Challenged Books in Iowa


The ACLU of Iowa is dedicated to preserving our First Amendment to decide for ourselves what we read, view, and hear– a fundamental element of free speech and expression.

The American Library Association’s Office for Intellectual Freedom tracks books that have been challenged, often by parents of students, to be removed from public and school libraries. Classic books such as Brave New World and The Catcher in the Rye, and newer titles, such as the Gossip Girl series and Twilight, have been on “challenged” lists for reasons including explicit language, sexual content and violence.

Since 2005, the following books have been challenged in Iowa libraries because they contained sex, homosexuality, swear words, or mentions of suicide or drug use. We are happy to report that none of them were successfully removed.

See the list!!! :


The Gazette: Practicing Free Expression

The Cedar Rapids Gazette
by Jennifer Hemmingsen
September 24, 2013

and tango makes threeBanned Book Week Column: Practicing Free Expression (Banned Book Week is the time to practice the right to express unpopular or uncomfortable views.)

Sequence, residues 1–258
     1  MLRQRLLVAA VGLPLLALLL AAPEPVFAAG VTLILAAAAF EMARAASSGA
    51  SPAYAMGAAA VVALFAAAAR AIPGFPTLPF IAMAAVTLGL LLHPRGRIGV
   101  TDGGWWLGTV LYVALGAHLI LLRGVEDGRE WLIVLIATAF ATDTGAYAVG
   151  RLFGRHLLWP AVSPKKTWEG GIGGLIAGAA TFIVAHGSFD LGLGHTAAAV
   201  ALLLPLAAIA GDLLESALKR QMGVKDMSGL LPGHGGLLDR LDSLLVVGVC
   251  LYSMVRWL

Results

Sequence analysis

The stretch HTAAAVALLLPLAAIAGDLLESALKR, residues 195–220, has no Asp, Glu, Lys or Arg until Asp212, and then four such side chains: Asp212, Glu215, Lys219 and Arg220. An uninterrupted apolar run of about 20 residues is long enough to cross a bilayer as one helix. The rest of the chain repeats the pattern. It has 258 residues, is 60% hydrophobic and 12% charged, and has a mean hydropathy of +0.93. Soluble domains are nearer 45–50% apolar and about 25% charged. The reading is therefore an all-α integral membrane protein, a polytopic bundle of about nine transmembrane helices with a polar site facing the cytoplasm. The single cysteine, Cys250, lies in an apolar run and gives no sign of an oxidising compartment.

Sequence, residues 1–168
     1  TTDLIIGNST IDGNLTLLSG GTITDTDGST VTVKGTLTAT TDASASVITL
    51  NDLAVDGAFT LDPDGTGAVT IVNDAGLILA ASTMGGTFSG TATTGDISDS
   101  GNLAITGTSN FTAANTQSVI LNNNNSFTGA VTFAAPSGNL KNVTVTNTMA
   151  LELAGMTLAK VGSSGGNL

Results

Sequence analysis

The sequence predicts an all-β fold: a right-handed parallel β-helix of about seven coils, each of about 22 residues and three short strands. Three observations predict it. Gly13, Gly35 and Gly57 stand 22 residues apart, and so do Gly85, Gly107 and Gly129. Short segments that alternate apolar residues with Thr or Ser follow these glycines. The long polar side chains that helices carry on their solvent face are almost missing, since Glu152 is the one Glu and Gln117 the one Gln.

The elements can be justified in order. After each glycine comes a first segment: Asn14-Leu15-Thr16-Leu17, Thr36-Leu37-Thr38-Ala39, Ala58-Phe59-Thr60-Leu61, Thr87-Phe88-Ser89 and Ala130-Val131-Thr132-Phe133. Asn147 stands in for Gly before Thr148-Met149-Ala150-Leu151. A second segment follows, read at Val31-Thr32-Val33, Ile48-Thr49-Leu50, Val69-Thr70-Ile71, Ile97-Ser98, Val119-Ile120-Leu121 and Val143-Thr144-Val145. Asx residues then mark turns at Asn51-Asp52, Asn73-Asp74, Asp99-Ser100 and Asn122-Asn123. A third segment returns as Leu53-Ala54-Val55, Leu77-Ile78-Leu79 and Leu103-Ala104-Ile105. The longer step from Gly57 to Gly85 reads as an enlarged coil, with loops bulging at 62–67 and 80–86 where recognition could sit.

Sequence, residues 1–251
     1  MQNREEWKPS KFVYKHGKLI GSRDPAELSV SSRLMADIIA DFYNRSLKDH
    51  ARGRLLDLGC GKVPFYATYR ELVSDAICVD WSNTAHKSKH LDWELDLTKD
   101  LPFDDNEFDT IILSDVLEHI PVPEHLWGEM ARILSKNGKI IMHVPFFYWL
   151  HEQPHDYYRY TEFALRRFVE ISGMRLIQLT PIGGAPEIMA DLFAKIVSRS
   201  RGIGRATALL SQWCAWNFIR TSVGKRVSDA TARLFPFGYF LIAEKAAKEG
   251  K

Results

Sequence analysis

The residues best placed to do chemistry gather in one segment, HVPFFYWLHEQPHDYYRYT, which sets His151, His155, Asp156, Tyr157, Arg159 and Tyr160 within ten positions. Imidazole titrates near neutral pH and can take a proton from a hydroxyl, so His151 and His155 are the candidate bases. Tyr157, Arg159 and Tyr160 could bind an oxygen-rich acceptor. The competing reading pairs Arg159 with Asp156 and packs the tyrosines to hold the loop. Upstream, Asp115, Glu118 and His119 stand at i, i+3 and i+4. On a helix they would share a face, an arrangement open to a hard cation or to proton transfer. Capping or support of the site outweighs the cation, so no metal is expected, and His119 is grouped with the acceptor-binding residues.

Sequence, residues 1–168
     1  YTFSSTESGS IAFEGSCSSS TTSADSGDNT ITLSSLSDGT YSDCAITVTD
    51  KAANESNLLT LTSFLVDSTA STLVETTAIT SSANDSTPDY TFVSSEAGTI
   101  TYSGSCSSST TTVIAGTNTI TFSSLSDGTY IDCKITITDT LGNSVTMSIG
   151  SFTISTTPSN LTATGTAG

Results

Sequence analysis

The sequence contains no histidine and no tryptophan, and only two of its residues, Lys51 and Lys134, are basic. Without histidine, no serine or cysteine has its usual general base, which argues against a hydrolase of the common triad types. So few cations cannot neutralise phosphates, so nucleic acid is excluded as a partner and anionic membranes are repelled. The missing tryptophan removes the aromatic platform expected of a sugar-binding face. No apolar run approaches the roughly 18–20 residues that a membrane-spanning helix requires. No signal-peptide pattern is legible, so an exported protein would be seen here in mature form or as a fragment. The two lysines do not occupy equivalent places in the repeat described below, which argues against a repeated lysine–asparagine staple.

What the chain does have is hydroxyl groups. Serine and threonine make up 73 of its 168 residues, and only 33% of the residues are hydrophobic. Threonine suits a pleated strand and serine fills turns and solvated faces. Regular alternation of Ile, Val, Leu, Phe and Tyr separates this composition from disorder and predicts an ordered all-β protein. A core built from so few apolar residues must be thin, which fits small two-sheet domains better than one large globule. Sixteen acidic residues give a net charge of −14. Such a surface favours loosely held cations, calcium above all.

With at least a decade between us and the last time a book was completely banned from an Iowa library, Banned Book Week — which starts this week — is more a gentle prod than a call to action.

It’s a chance to reaffirm our belief in the right to free expression. A reminder that our commitment to that right is never tested in easy or uncomplicated ways.

And, although this might seem counterintuitive, it’s also a chance to practice what we preach — to give full hearing and respect to those who would challenge public and school libraries’ inclusion of certain books in their collections.

As Carroll Public Library Director Kelly Fischbach likes to say: You don’t really believe in a right unless you believe in it for your worst enemy.

We can’t celebrate Banned Book Week by making demons out of people who are simply standing up for their beliefs.

Does that mean that I agree? Not one bit. It seems most Iowans don’t, either.

Only 15 books have been challenged in Iowa public and school libraries since 2005, according to the Iowa Library Association.

Fischbach, chairwoman of the association’s Intellectual Freedom Committee, said it’s the kind of thing that might happen only once in a librarian’s career.

There are some usual suspects. The true-life tale of a same-sex penguin couple and their family seems to always rise to the top of the challenged list.

The rest is an odd sort of mix.

Read the rest of the article: